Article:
Success goes to those who are the fastest to adapt in today’s global economy.

Engaging More Clients Requires Brokers Disengaging More Clients

Thursday, May 8th, 2014

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Insurance and Reinsurance Brokerage firms have fought like tigers to retain clients. Retention rates are in the high 90s. Yet many of them are caught in a “success trap”. Their future growth is inhibited by the demands of servicing a significant number of longstanding clients, who don’t fit their ideal future client profile. Learn how to escape the “success trap” in record time. Avoid conflict while increasing profitability. Manage effectively the change, externally with clients and internally with key account executives. Prepare clients assiduously for the “disengagement” conversation.

Converting Short-Term to Long-Term Growth in High Growth Markets – Closing Thoughts

Monday, May 5th, 2014

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James provides a compendium to this series with a checklist of short and mid-term improvements, and “calls to action” for the time-pressed executive looking to “jump start” their organization’s success and generate immediate results.

Life Immitating Art

Thursday, May 1st, 2014

Bob Hoskins’s sad passing this week reminds me of an intimate Grand Classics screening, almost 10 years ago to the day, when he shared his inspiration for a career in the movie business, Jules Dassin’s crime movie, Rififi. For those not familiar with the French crime film, it is an adaption of Le Breton’s novel of the same name. The centrepiece of the film is a 30-minute heist shot with barely any sound or music. The viewer is drawn to the difficulty of pulling off the heist at the heavily alarmed rue de Rivoli jewellery shop, the ability of the gang leader to communicate successfully through his actions and in so doing, to inspire the other gang members to follow him without fear for their own well-being.  While the rest of the tale revolves around rival jealousies and settling of old scores between different gangs, there are some interesting lessons for business leaders entering into highly ambiguous growth markets.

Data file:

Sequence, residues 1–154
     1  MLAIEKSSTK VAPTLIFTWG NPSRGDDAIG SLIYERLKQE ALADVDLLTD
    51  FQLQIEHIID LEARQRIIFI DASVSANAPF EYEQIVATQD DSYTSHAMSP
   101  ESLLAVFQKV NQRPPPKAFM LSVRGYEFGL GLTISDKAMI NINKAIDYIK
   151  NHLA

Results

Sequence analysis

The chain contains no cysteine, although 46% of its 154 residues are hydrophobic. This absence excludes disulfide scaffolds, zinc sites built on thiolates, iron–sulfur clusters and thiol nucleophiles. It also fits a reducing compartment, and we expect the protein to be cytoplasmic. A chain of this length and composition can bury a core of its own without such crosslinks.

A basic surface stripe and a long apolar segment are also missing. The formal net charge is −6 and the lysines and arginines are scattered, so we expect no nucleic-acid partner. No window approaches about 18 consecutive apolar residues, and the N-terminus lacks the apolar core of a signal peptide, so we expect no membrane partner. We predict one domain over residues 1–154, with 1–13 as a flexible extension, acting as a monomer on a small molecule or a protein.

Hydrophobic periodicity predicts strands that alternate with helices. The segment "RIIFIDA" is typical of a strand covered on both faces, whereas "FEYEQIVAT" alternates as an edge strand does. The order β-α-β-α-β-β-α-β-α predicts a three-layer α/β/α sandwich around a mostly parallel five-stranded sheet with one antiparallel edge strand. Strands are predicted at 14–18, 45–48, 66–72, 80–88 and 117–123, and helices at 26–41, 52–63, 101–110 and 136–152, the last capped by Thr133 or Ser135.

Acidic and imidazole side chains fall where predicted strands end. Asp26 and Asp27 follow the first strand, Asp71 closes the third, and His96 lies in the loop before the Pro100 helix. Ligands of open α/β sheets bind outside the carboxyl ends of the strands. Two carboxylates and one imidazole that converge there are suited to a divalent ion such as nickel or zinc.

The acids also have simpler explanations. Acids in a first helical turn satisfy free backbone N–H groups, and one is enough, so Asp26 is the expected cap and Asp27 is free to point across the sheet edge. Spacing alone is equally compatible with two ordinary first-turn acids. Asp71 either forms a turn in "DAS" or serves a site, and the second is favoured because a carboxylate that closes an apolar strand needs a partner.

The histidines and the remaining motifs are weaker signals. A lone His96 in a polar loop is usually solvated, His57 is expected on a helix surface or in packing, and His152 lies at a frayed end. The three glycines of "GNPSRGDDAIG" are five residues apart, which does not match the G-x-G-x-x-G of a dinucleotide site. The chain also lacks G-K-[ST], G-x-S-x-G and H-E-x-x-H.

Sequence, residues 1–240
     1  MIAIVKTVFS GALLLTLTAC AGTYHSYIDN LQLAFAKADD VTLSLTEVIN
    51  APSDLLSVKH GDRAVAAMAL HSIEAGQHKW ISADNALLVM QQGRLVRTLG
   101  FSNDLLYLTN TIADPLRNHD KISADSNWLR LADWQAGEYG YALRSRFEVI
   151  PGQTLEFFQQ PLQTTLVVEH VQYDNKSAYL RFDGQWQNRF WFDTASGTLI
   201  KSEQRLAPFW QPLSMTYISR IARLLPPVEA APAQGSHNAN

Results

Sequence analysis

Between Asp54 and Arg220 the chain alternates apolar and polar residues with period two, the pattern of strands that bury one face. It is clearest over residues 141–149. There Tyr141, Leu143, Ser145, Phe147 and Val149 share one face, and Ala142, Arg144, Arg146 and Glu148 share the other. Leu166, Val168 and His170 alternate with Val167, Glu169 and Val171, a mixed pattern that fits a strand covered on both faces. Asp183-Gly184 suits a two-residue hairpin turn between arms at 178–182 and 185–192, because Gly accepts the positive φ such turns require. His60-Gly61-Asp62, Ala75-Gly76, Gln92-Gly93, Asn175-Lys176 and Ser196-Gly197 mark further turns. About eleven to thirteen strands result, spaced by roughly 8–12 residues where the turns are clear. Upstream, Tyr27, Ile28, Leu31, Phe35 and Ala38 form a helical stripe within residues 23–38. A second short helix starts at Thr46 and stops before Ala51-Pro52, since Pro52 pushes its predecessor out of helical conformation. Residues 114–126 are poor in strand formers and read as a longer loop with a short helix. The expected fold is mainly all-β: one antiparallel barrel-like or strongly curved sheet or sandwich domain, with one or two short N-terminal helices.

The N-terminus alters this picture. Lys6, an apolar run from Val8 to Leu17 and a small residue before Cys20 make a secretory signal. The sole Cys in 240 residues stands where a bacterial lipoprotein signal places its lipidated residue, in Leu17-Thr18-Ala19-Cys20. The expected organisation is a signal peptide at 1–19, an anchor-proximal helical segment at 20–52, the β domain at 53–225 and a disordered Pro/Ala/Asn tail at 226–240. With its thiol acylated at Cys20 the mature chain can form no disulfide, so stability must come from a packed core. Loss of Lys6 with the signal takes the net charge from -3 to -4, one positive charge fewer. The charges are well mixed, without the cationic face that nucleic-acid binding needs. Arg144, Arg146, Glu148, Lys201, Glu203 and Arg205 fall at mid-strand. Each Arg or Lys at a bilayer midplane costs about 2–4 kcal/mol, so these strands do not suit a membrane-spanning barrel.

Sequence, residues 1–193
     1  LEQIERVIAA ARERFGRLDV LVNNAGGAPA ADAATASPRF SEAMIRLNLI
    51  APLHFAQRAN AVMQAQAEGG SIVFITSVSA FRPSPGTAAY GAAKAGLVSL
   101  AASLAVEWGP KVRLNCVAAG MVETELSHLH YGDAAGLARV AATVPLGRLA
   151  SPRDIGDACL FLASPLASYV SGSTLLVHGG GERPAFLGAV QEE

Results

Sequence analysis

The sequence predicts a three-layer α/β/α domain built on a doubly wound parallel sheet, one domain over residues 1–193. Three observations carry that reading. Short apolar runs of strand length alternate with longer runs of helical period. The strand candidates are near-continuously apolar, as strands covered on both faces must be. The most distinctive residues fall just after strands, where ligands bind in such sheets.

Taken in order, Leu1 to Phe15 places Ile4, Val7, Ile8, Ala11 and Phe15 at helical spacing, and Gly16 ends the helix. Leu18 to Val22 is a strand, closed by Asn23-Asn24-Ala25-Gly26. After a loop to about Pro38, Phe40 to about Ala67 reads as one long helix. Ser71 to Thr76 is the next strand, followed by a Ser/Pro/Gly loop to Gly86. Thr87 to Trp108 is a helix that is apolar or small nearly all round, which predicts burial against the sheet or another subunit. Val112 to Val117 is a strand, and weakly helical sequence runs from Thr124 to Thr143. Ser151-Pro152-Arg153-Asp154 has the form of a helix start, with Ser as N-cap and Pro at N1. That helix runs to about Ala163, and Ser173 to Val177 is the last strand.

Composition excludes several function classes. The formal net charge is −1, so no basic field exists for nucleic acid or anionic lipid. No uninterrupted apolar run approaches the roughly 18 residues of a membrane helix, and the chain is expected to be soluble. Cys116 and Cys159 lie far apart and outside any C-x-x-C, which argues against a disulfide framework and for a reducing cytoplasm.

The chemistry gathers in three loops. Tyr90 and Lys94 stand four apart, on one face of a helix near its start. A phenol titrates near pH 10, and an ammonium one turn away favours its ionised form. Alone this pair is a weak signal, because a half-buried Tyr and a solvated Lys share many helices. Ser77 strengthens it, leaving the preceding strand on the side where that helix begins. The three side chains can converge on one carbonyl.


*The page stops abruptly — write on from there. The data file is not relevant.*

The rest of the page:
1. Effective leadership is largely about “doing” (action), not “saying” (empty mission statements).